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Stranded seafarers make direct appeal for more action on crew changes

‘We don’t want sympathy, we just want recognition,’ seafarers tell Lloyd’s List as part of our campaign to give a voice to more than 300,000 crew unable to sign off and return home

Crews tell their stories of resilience, missing families and not stepping on land for nearly six months as coronavirus pandemic leaves them stuck at sea

SEAFARERS have spoken of their pride in providing reliable, constant service during a global pandemic, as well as their dismay at how governments have ignored their plight.

As part of our campaign to give seafarers a voice and provide visibility to a largely invisible problem, Lloyd’s List is publishing exclusive videos recorded aboard vessels which offer a face and a voice for the estimated 300,000 crew overdue to leave vessels.

Capt Mridul from the Maersk Ensenada joined the containership three weeks ago from Sri Lanka. Another 10 seafarers accompanied him there to take part in other crew changes but last-minute regulatory hurdles saw them unable to join their vessels, a common scenario as shipmanagers and operations departments worldwide battle inconsistent, ever-changing health, quarantine and immigration restrictions.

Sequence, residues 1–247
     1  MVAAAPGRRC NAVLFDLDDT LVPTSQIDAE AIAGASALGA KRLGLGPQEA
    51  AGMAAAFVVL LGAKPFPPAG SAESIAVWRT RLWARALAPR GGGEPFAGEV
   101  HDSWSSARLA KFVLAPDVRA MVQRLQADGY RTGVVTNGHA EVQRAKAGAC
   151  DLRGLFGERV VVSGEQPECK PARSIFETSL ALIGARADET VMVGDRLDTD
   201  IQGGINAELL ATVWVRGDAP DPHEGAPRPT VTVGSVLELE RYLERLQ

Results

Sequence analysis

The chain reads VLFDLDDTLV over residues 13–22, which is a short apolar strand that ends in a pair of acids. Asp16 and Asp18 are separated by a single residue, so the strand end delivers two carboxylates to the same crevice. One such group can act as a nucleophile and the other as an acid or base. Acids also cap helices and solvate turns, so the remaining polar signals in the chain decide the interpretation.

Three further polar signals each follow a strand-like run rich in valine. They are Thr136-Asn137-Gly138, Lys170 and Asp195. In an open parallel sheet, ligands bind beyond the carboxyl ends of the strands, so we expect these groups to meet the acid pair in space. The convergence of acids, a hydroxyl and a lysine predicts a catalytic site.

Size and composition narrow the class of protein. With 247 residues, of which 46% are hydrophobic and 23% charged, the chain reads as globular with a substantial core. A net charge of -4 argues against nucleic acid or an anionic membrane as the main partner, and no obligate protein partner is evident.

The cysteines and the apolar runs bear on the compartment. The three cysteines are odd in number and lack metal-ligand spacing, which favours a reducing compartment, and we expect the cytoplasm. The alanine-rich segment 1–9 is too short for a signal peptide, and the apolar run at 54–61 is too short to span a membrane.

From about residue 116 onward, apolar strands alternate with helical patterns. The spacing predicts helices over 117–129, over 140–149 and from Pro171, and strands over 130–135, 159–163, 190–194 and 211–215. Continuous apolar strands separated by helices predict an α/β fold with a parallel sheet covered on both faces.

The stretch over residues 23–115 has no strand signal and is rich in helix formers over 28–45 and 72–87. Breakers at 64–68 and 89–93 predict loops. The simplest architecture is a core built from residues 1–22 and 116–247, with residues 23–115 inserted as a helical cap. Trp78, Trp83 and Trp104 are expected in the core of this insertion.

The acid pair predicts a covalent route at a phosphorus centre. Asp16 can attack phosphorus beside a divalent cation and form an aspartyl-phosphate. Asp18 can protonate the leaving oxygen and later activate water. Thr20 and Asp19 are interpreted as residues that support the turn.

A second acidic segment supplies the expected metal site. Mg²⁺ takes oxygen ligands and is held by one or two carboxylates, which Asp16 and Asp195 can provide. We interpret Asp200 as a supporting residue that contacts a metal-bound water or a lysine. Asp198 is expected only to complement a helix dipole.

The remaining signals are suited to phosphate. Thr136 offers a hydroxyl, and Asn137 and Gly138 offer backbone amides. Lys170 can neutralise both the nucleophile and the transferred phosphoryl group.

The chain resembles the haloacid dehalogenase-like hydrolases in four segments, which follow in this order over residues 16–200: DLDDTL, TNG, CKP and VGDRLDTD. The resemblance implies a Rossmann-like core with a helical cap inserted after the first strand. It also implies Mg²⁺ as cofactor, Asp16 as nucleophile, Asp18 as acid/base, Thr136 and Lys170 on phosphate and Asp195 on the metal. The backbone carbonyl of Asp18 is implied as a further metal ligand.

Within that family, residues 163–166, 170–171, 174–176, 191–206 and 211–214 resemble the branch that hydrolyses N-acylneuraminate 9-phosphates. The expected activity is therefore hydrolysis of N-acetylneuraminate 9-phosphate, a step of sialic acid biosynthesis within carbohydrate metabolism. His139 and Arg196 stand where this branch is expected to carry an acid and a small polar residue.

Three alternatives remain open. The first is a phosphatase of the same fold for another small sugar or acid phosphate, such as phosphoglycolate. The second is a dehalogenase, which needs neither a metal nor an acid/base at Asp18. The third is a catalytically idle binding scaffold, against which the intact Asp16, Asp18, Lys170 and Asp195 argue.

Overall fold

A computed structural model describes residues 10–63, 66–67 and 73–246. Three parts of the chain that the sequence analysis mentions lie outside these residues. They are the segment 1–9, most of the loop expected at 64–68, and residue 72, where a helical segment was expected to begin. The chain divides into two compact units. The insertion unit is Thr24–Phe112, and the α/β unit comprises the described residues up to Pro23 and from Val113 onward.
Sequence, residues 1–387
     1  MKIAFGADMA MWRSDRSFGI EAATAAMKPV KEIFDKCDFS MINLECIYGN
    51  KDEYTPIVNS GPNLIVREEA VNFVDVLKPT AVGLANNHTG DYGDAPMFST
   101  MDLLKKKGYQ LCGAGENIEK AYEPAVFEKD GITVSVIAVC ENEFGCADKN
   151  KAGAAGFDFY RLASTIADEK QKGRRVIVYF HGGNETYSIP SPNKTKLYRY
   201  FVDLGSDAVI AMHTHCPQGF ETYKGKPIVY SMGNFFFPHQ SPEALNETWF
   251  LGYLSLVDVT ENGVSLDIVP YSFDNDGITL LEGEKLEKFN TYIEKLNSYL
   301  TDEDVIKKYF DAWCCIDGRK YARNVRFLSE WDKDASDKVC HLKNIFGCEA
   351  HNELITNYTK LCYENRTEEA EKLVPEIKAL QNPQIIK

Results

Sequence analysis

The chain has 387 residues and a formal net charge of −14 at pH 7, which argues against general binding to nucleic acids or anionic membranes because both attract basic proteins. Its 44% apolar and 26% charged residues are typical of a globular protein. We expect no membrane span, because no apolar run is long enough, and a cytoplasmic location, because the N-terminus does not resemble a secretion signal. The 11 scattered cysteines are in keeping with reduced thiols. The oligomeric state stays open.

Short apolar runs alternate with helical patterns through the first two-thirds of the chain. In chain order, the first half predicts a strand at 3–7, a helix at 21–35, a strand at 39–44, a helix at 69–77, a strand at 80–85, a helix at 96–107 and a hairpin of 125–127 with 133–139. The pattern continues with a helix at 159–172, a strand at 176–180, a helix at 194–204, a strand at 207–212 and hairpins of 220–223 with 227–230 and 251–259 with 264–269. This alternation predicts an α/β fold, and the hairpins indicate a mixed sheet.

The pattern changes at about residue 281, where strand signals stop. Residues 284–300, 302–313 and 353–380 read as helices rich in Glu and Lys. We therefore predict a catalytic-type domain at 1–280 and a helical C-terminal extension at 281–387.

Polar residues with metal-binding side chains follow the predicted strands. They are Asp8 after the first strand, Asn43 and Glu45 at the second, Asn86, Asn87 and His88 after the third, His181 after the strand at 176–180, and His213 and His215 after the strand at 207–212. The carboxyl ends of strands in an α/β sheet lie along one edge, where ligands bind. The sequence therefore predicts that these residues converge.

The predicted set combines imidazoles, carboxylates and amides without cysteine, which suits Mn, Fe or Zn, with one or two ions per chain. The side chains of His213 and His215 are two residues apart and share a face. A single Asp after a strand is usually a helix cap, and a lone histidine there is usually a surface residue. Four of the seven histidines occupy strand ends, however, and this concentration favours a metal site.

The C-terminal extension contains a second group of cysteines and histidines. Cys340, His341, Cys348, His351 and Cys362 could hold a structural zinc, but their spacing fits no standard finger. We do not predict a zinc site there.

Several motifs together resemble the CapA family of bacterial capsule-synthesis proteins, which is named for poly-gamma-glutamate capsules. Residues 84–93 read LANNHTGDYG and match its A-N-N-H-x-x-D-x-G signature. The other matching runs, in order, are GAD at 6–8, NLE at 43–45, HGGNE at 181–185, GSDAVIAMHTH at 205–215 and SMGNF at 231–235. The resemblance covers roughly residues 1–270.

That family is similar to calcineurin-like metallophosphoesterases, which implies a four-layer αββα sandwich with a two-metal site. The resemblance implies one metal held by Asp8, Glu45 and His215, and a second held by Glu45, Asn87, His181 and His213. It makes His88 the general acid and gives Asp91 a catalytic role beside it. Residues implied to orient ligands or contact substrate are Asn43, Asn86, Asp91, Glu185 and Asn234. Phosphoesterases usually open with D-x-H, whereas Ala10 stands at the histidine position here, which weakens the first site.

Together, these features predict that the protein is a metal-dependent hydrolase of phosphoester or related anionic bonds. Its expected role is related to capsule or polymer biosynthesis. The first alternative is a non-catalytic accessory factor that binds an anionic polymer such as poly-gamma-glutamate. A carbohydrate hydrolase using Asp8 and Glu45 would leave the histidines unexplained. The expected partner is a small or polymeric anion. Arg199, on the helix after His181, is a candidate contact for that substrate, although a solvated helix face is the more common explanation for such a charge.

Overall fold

Capt Mridul called for other countries besides India and the UK government to recognise seafarers as key workers.



Morale is still high on board the containership, Capt Mridul said, with a reminder that global trade was flowing uninterrupted during the pandemic, despite the massive disruptions arising from global lockdowns to control the virus.



Maersk Ensenada has four crew overdue for sign-off including the chief cook, third engineer, third officer and second officer. “We just want to get home to our families,” they told Lloyd’s List.




Another master told how he and his crew have not stepped on land for more than five months. Since February, crew have been unable to leave the ship and they remain desperately worried about their families.



Those 25% of crew able to sign on recounted long and complex voyages to join ships while those stuck on board want to see their family.



The restrictions are taking a toll on seafarers’ mental health, another said, adding that many employers were doing their best to provide support and care and recognised the impact it was having.



Captain Radhika Menon from the tanker Iris Victoria spoke of the isolation that seafarers are feeling. When on board a vessel, it’s not possible to take days off or have holidays, leaving overdue crew very tired.

“My humble request to organisations and governments around the world is to make regulations more friendly,” she said.



Seafarers worldwide have appealed for government consensus and common sense to make crew changes happen.

“We don’t want sympathy, we just want recognition,” says Capt Mrijul.



For more insight and coverage of the crew change crisis, visit our Hot Topic page.

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